There’s plenty of upside to being wealthy, and at least one downside: At higher incomes, the IRS shuts you out of some of the biggest benefits of individual retirement accounts.
Specifically, if you earn too much to contribute to a Roth IRA, there’s a good chance you’re also ineligible to deduct contributions to a traditional IRA.
Enter the nondeductible IRA, which has more advantages than the name implies.
What is a nondeductible IRA?
If your modified adjusted gross income (MAGI) in 2019 is more than $203,000 as a married tax filer or more than $137,000 as a single filer, you’re not eligible to contribute to a Roth IRA. (Contributions for the 2018 tax year are not allowed if your MAGI is more than $199,000 if you’re married and $135,000 for single filers.)
A traditional IRA doesn’t technically have income limits for eligibility like the Roth IRA. But if you’re covered by a retirement plan at work and you earn too much to contribute to a Roth IRA, you also earn too much to deduct your contributions to a traditional IRA.
That leaves you with that workplace plan — which you should absolutely take advantage of, especially if your employer offers matching dollars — and the nondeductible IRA.
The name gives it away: A nondeductible IRA is a traditional IRA for which you don’t deduct your contributions. On the surface, that makes it sound like any old taxable investment account. But it isn’t, for one big reason: While there’s no tax benefit for making contributions, any investment returns you earn in the account will be tax-deferred until you take distributions in retirement.
At that point, you’ll pay taxes on investment gains just like with a standard traditional IRA. But unlike a standard account, the money you contributed comes out without taxes, because you didn’t take a deduction when you put it in.
The real benefit of a nondeductible IRA
Tax-deferral of investment earnings is a perk, sure. But taking those earnings tax-free is better — and by jumping through a few hoops, you can achieve that with the help of a nondeductible IRA.
How? By converting the money in a nondeductible IRA to a Roth IRA. This is a move you can execute with relative ease, even if you earn too much to be otherwise eligible for the Roth account. It’s called a backdoor Roth IRA, and it’s not nearly as sinister as it sounds.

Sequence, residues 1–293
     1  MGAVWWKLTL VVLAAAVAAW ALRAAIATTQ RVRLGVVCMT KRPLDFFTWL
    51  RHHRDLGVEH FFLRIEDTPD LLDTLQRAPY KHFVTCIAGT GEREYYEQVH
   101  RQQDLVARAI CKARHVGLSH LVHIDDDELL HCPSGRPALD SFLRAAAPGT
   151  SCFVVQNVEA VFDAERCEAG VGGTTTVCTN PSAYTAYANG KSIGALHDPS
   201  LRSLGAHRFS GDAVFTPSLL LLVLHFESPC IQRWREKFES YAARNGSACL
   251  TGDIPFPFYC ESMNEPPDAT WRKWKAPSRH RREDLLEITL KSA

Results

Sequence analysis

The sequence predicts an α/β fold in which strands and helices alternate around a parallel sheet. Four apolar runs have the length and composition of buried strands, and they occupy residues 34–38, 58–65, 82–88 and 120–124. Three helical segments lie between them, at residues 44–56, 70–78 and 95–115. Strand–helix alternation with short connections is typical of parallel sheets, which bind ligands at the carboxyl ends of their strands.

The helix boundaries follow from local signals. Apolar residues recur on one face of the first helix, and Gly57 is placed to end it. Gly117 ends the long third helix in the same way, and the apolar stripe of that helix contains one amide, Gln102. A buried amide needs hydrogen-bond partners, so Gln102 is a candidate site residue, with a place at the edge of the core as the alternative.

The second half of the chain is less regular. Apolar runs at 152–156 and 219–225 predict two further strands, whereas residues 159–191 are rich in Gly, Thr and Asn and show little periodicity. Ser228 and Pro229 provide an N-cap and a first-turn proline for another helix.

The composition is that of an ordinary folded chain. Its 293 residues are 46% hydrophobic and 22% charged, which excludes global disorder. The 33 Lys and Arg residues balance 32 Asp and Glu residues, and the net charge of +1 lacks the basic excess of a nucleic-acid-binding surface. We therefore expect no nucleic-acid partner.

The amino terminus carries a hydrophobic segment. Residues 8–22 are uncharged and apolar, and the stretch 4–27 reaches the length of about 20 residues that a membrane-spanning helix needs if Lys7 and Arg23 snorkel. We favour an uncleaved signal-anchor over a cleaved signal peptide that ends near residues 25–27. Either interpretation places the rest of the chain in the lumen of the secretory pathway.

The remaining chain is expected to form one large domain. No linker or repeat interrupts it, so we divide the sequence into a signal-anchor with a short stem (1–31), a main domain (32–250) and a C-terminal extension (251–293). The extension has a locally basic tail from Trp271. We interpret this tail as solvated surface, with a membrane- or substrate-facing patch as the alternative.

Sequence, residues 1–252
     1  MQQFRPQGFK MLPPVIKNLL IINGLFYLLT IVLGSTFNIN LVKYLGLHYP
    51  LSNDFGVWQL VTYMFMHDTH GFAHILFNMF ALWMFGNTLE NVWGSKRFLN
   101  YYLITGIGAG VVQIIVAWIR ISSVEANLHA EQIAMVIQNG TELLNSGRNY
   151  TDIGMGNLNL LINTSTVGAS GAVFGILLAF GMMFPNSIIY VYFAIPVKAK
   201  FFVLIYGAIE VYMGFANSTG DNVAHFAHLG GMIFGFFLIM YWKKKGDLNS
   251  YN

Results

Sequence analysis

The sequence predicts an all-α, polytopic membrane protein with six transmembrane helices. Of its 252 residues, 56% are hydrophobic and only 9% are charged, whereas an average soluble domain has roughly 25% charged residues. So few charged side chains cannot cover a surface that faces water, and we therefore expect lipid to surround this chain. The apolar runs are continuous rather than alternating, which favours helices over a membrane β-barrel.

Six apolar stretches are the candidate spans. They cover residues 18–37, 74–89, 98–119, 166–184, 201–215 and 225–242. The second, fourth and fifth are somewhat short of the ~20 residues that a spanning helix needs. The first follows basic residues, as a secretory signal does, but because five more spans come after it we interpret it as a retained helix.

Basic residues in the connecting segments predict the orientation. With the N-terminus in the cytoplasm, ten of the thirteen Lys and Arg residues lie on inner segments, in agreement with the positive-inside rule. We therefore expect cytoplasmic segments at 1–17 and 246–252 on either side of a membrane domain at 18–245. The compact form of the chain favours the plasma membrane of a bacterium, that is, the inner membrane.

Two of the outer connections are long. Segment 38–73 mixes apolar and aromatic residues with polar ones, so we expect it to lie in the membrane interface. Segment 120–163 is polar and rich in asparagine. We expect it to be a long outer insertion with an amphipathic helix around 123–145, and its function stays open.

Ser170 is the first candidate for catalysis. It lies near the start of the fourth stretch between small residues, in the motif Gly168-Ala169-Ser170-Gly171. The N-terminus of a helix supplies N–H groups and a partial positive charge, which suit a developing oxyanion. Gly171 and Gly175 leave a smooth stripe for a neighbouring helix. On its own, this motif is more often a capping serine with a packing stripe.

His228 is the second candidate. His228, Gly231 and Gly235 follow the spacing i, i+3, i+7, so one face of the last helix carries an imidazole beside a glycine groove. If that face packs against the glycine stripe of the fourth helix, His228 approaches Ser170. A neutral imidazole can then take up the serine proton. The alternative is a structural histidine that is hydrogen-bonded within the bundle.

Why not pay taxes today and live tax-free in retirement?
In fact, it’s IRS-approved and something Joe Wirbick, a certified financial planner and founder of Lancaster, Pennsylvania, financial planning firm Sequinox, pretty much universally recommends. “It would be a huge mistake not to convert,” Wirbick says.
When you make contributions to a Roth, you do it with after-tax dollars. When you convert nondeductible IRA contributions to a Roth, you’re converting after-tax dollars, too. And once that conversion is complete, any investment growth within the account can be pulled out as a qualified distribution tax-free.
The benefit of that can’t be overstated, particularly now when taxes are low: Unlike a traditional IRA, you’re not kicking taxes on investment growth down the road, when they are likely to be higher. You’re avoiding them completely.
“If you put money into a nondeductible IRA and you don’t convert it, all the earnings are tax-deferred. Why would you want to pay taxes later?” Wirbick says. “In my practice, I would say 95% of the people I meet never retire to a lower tax bracket. So why not pay taxes today and live tax-free in retirement?”
Converting a nondeductible IRA into a Roth IRA
The best way to convert the money in a nondeductible IRA into a Roth IRA is quickly, Wirbick says. That’s because a Roth IRA conversion does have a tricky area: It requires paying taxes on any untaxed money before it lands in the Roth account. (This is even trickier if you also have other IRAs — say from a 401(k) rollover — because the IRS looks at all accounts combined and your conversion is taxed pro-rata. For more on that, read our full guide to backdoor Roth IRAs.)
“There’s no rule for how long you have to leave [the money] in there,” Wirbick explains. “But if you get lucky and it starts growing rapidly, when you do the conversion you’ll have to pay taxes on that growth.”
That’s not a huge issue, but it does simplify things to make your entire year’s contribution at once and then convert that amount. (The maximum IRA contribution in 2019 is $6,000, or $7,000 if you’re 50 or older, up from $5,500 and $6,500 in 2018.) You can typically leave the nondeductible IRA open if you want to pull this maneuver again next year, though check to ensure your account provider doesn’t require a minimum balance.
Most brokerages will help you with the conversion, and report to you any tax you’ll owe. But you should still keep track of any gains and contributions on your own, and consult with a tax advisor to ensure you’ve reported nondeductible contributions and completed the conversion correctly.
Finally, know that this is a move you can’t take back — tax reform laws eliminated people’s ability to reverse a conversion. But Wirbick thinks it’s unlikely you’ll want to.
After the $1.5 trillion tax cut, he says, “Taxes are on sale. Take advantage.”